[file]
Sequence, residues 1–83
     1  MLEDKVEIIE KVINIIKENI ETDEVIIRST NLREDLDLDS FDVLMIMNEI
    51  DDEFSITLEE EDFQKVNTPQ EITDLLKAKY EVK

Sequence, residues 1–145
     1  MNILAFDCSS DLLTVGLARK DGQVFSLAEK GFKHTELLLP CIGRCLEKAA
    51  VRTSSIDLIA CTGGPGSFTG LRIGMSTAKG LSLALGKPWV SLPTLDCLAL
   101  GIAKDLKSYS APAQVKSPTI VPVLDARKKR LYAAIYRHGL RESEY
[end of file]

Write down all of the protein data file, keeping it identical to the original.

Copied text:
Sequence, residues 1–83
     1  MLEDKVEIIE KVINIIKENI ETDEVIIRST NLREDLDLDS FDVLMIMNEI
    51  DDEFSITLEE EDFQKVNTPQ EITDLLKAKY EVK

Sequence, residues 1–145
     1  MNILAFDCSS DLLTVGLARK DGQVFSLAEK GFKHTELLLP CIGRCLEKAA
    51  VRTSSIDLIA CTGGPGSFTG LRIGMSTAKG LSLALGKPWV SLPTLDCLAL
   101  GIAKDLKSYS APAQVKSPTI VPVLDARKKR LYAAIYRHGL RESEY